Norwegian Dress Code
Working abroad sounds like an adventure to many people. However, employment in Norway requires more than just the obvious Norwegian CV writing and translation. You will face issues that probably did not even cross your mind when you start planning to find Norwegian jobs.
Do not be wrong about the impact they can have on the result of your adventure! For example, you will experience the unusual immigration rules and practices, job application procedures, the selection trends and the management culture.
Norwegian Dress Code for Job Interviews
It is important to demonstrate at an interview good appearance as well as good manners.
Dress for the job you want, not for the job you have
Do your research. Find out what their employees wear and then dress as they are or nicer than that.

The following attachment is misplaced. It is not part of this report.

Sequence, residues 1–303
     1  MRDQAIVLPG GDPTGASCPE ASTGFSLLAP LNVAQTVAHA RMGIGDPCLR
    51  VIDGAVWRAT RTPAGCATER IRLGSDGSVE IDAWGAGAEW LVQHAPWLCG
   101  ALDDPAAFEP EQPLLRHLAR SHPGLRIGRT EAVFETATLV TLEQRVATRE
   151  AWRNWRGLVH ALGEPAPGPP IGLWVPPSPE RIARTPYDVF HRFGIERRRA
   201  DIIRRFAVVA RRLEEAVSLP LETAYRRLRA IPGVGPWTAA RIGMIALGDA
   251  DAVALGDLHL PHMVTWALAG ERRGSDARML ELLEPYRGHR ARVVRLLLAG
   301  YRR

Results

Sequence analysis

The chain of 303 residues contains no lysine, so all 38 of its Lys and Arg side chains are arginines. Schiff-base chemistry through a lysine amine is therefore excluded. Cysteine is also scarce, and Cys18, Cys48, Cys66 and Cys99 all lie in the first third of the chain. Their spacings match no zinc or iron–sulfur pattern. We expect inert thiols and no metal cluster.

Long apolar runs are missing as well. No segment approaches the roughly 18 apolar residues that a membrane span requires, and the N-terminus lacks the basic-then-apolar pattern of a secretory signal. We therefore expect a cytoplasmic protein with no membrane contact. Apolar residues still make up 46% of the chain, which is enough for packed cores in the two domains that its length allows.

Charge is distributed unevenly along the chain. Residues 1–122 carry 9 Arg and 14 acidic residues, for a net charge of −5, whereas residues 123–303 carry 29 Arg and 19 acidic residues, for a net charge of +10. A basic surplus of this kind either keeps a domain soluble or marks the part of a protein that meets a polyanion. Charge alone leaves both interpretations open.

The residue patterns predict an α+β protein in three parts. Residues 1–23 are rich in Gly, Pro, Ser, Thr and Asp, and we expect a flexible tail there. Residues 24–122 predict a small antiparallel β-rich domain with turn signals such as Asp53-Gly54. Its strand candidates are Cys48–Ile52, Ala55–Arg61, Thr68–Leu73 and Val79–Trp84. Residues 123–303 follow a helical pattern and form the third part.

Norwegian business attire is somewhat casual by European standards.
Men should wear dark colored, conservative business suits to meetings. Whenever you are in doubt, the best policy is to call ahead and inquire about the dress requirements.
Women should wear well-tailored dresses or trouser suits / pants suits [especially for the first meeting]. Jewelry and accessories should be kept to a minimum and always be understated. Shoes should be highly polished.
Caps, bandannas, athletic shoes, sweats, unkempt clothes, jeans, singlets, open shoes and thongs are never acceptable. If the wind was blowing, comb your hair before making first contact at the reception. Do not carry a water bottle or coffee mug. Carry only a slim folder holding your job application documents and CVs. Do not chew anything.
How you dress in Norway is the one of the most important element of being hired
Other Norwegian Dress Code Info
Good luck with your Norwegian dress code!